and Dustin Johnson put together second rounds at the US PGA Championship
at Bethpage on Friday that came with a collective message: don't forget about us.
While everyone was ready to proclaim the era of Brooks Koepka following his breathtaking first round 63, two more Americans who have done some things over the last few years walked the fairways together and conjured up deeds that declared their determination to differ.
While Johnson's 67 to move to four under par was broadly in line with expectations given he's the world No 1 and brawny Bethpage is right up his alley, Spieth's 66 to progress to five under was a terrific surprise.
'I felt I had good control of my game and it was nice to roll in some putts,' said the 25-year-old.
DEREK LAWRENSON'S BETHPAGE DIARY
EDDIE TAKES A SHORT CUT...
Golfers missing the cut by miles is not usually the signal for a laugh-out-loud remark but trust the erudite Englishman Eddie Pepperell to break the mould. Asked about his experience at Bethpage following rounds of 76 and 75, the 28-year-old Oxfordshire golfer replied: 'If someone had given me a golf buggy to ride around in, I'd have driven to the clubhouse.'
BUT NO JOY FOR DALY
It is not surprising that the man who was given a buggy to drive around in simply made up the numbers. Yes, John Daly, who shot rounds of 75 and 76, is entitled to enormous sympathy for his chronic osteoarthritis. However, following all the deserved criticism, the PGA of America have hopefully got the message it does not entitle him to a place in the field.
PRIVACY ON PARADE
It is often remarked that Americans have no appreciation of irony. No surprise, therefore, to see hundreds of New Yorkers, who preferred a morning stroll to the golf in nearby Oyster Bay, taking photographs of a boat belonging to Tiger Woods that just happens to go by the name of 'Privacy'.
'I made some good par putts on my front nine to keep the momentum going and then took advantage when I had birdie chances.'
It still wasn't the best round of the morning wave, mind. That belonged to Englishman Matt Fitzpatrick, who bounced back wonderfully from his opening 75 by taking 10 strokes fewer on day two to move up around 95 places and stand on level par for the event.
Spieth hasn't managed so much as a top-20 finish all year and has fallen all the way to 39th in the world. With this course offering such an advantage to men who hit the fairway, it seemed the last place for a golfer ranked outside the top 200 in strokes gained in driving this season.
The Texan made light of it all, however, befitting a man who won three majors before his 23rd birthday. As ever, though, when he's playing well, it was his putting that most caught the eye, and his bewildering ability to master the most difficult skill in the sport — holing putts outside 20ft.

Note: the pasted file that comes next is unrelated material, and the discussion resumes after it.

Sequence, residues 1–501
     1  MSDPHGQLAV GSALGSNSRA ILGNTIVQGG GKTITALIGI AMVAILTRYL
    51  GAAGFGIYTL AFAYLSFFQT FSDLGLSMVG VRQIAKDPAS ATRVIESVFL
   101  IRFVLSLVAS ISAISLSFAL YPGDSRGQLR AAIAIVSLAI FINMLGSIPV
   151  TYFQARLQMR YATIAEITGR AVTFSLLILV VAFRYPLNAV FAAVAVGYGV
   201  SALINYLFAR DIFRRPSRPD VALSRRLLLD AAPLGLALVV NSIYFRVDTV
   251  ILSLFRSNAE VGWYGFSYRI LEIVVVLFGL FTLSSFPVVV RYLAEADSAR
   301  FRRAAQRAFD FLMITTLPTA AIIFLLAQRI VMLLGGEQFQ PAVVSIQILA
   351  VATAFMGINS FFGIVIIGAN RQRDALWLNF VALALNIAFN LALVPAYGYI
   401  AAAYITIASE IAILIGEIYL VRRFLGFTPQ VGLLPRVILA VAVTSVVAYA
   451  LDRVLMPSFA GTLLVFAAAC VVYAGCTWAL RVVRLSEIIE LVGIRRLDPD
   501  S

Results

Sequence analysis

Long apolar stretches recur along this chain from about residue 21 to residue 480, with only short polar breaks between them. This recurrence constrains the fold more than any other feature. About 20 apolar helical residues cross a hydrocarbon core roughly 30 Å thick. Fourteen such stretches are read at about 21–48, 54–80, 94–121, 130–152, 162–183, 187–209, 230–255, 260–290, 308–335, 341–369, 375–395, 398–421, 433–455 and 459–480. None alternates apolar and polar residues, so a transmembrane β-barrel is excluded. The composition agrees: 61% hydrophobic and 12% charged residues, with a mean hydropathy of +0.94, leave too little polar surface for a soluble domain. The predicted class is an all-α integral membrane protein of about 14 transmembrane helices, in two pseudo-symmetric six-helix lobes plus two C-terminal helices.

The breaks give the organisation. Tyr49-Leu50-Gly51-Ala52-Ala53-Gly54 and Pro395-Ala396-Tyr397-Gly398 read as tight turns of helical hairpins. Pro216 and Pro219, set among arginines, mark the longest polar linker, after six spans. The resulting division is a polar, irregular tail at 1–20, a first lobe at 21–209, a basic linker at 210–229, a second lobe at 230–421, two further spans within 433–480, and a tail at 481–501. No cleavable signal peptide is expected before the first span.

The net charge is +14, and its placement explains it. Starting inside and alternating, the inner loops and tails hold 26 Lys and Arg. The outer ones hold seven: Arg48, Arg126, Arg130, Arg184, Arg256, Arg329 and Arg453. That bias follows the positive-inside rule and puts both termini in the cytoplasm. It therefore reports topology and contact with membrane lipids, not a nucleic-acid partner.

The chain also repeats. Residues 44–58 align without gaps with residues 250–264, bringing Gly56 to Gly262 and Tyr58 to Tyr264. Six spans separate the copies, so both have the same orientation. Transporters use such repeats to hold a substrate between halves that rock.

Here, the total length of putts he holed came to 140ft, and he needed just 23 putts in all. That usually gets the job done, doesn't it?
And so a tournament that began with all eyes on Tiger Woods' pursuit of history moves into the weekend with the prospect of a career Grand Slam — which hasn't been witnessed since Tiger himself completed it in 2000 — up for discussion.
Of course, it remains to be seen how a man who hasn't been in contention to win anywhere for 10 months copes with the weekend at a major played in noisy New York with such a goal on the line. But, at the very least, it's good to see solid evidence that Spieth is on the way back.
'I'm trying to think less when I'm on the course and react more, and the patience required to play this course fits in with what I'm trying to do,' he explained.
As for Johnson, he was threatening to do a Koepka when he muscled his way to four birdies in a six hole stretch over the more difficult back nine — his opening half on this occasion.
But a missed par putt from 6ft at the 18th, following a brilliant chip from thick rough, stalled his momentum at exactly the wrong moment, given the inviting nature of the opening holes.
He would play his back nine in 35 strokes but remained bullish about his chances.
'If I strike the ball as well over the weekend and keep giving myself plenty of chances for birdies, then I'm going to have the opportunity to win,' said the 35-year-old, who won his only major at the US Open in 2016.
Spieth was the clubhouse leader by one stroke over Johnson and another American, Daniel Berger, as Koepka — with a two stroke advantage at that stage — began his second round.
Fitzpatrick got to six under for his round after a spell of four birdies in a row at one point. It looked as if the mighty Black course was about to fall victim to the indignity of another 63, but a rare three-putt from the 24- year-old at the 5th put the brakes on.
'It sounds like a massive difference from the first day but the only real one was that I made a few putts whereas on Thursday I made nothing,' he said. 'I like courses like this one, where you have to put the ball in the fairway. I'm looking forward to the weekend and the chance to make further progress.'
Paul Casey followed up his level par opening round with a 71 to stand on one over, the same mark as former Masters Champion Danny Willett.
One of the more startling performances came from former US PGA Champion Rich Beem, who is better known these days as an analyst for Sky Sports.
Over the back nine, he showed he is still a player, coming home in a fabulous 30 strokes for a four over par total that meant an anxious afternoon spent wondering if he would make the halfway cut.
Another who recovered manfully was New Zealander Danny Lee, who shot 64 on Thursday. He showed what a difference overnight makes by coming out and needing 41 strokes for his front nine alone, before bouncing back to come home for a 74.